5. Maturity: opinion vs. fact. This is America, where you're free to enjoy a variety of almost everything. Beauty is in the eye of the beholder, and not everyone is going to have the same taste. For example, if I listen to someone tell me how much they love New Kids on the Block, and if I politely hold my tongue because I think NKOTB is one of the most pointless bands of all time, and I have awkward childhood memories of not liking the same music that every other kid in America did back then, can you please not make gagging noises when I tell you how much I love The Carpenters or ABBA? They're an acquired taste, really (yes, like bacon mints...long story). But just because you think one band or form of entertainment is the greatest in the whole world, doesn't mean it is. It just is to YOU. And I can respect that. :) Thank you for the music.

Wednesday, September 24, 2008

Remembering His Promise

The Spirit of the Sovereign LORD is on me,
because the LORD has anointed me
to preach good news to the poor.
He has sent me to bind up the broken-hearted,
to proclaim freedom for the captives
and release from darkness for the prisoners,
to proclaim the year of the LORD's favour
and the day of vengeance of our God,
to comfort all who mourn,
and provide for those who grieve in Zion --
to bestow on them a crown of beauty
instead of ashes,
the oil of gladness
insead of mourning,
and a garment of praise
instead of the spirit of despair.
They will be called OAKS OF RIGHTEOUSNESS,
a planting of the LORD
for the display of His splendour.

~ISAIAH 61:1-3

Tuesday, September 23, 2008

So far, so good

Day 1 went well. I refamiliarized myself with the shelter and met a couple of the new staff members who were in. The guys were very accepting as well (thanks for praying!). Most all of them had heard of a new American starting named Debbie who'd be living with Justyna & Jez. A couple even knew my age. Justyna was telling me that she had talked to some on Friday and they were asking about me saying, "There's a new girl starting, yeah? Her name's Debbie. She'll be living with you. She starts work Monday..." She was surprised they knew so much, esp since at the time I didn't know when I'd be starting!

I really didn't get to talk to many of them. Only in passing. I spent a lot of time talking to one guy, I'll call Vic. He's from Nigeria. And he basically started preaching to me -- way to turn the tables! It was good, though! He was saying as Christians Christ's resurrection is at the core of our being, and we have to have faith that He is able to resurrect that which we thought was lost (for example, that He'll provide in our need, that He'll heal our sickness, etc) He also told me how he didn't know why he's ended up where he is, poor and homeless. He's educated and just made some poor decisions and trusted the wrong people. And he said he knew he was there for a reason. Probably so he'd remember the poor, because back in his country he would just pass them by and not give them a second thought. Or he'd have negative thoughts towards them, thinking it was their own fault they were in such a place. I was blown away! And if I were in the same position, I don't think I'd be asking God what lessons He had for me to learn. I might be a bit too bitter or angry for that!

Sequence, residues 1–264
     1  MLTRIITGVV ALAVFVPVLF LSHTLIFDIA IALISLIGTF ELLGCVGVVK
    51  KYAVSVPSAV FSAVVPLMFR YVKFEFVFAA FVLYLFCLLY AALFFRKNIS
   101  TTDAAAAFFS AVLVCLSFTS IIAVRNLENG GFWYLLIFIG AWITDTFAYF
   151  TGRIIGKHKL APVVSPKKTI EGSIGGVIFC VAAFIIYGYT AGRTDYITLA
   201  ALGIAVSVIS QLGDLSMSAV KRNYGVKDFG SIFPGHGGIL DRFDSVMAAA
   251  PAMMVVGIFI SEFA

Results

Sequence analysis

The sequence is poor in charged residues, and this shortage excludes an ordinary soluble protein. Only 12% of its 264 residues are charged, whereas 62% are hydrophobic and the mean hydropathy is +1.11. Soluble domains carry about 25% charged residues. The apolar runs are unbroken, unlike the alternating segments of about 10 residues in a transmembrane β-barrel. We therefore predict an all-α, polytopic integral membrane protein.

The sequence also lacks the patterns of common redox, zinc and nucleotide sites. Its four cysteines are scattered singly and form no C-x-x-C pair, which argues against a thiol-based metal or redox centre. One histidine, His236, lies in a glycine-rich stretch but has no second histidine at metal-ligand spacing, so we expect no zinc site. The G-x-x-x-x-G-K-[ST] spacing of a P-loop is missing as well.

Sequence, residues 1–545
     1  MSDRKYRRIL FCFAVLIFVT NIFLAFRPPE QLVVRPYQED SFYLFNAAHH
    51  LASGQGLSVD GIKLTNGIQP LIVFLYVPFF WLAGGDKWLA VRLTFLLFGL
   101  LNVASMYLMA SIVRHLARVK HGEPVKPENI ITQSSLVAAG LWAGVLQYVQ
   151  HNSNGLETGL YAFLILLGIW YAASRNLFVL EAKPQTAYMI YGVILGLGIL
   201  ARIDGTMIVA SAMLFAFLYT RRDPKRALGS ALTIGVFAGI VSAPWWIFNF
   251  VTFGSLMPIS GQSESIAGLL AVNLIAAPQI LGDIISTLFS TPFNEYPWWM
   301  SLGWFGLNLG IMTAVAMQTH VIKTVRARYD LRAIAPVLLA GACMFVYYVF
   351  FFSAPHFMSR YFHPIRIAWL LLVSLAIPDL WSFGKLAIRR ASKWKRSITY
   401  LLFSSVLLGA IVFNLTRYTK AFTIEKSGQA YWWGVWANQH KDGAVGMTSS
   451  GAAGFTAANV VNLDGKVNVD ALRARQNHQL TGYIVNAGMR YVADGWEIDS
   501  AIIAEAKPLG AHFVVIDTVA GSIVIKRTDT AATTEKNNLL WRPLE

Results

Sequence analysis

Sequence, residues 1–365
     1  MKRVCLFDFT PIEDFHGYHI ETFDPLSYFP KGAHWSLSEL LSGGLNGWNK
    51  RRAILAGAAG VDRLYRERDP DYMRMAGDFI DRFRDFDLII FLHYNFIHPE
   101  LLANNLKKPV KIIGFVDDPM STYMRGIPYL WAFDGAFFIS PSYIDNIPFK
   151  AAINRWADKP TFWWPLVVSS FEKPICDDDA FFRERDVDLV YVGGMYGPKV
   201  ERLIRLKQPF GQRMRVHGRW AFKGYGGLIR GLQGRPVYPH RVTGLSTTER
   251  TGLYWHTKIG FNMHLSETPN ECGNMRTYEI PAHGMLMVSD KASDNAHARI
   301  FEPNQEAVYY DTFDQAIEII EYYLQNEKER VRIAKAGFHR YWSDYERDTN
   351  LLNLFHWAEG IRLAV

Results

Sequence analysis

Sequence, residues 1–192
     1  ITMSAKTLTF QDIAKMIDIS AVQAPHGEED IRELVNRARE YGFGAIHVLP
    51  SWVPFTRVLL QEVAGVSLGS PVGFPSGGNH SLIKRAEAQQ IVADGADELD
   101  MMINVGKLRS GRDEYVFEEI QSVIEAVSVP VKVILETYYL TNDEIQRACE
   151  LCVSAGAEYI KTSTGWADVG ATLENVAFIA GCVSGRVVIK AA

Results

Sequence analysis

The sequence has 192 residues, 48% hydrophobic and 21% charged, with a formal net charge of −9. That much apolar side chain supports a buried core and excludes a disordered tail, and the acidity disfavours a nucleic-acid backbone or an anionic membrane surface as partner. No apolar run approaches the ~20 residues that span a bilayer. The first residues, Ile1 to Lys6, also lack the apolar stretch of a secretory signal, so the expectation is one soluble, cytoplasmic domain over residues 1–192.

Please pray for Vic - that he finds a job and is able to afford his own place. And that the applications he's submitted for housing will yield something. Oh, and to show you his intelligence, the man studied bio-chemistry, for crying out loud!

I'm working tonight and am on sleepover. That means I'll sleep upstairs in the staff room so I'm around in case something happens and the night staff needs backup. Let's pray it's a peaceful evening like last night. And I have an early shift in the morning, but I'll be going to the offices for a training with most of the KAP staff. So I'll get to meet more of them.

Ok, I'm off to finish getting ready and to pack my bag for tonight. Ciao!

Sunday, September 21, 2008

Gotta Make It Quick

It's 1 a.m., I'm freezing, & I drank a bit too much water earlier, so this will be quick.

I'm adjusting to England so far. Has it hit me I'm here? I guess. On the day I left I told my friend Elaine I felt disconnected. So I suppose I'm a bit more connected, so to speak.

I enjoyed church at King's Arms tonight. It's nice to be there again and I felt at home. I start working at the Nightshelter tomorrow evening. Please pray it all goes well and that I adjust and the guys adjust to having me there.

I've managed to avoid most political talk while I've been here. Only two convos, both very short. My political views are definitely the minority here in Europe, even within the church, so I just pray I'm not forced into any heated debates. That will more than likely take place at the Shelter if anywhere. The guys aren't quite as gracious as the Christians I meet/know.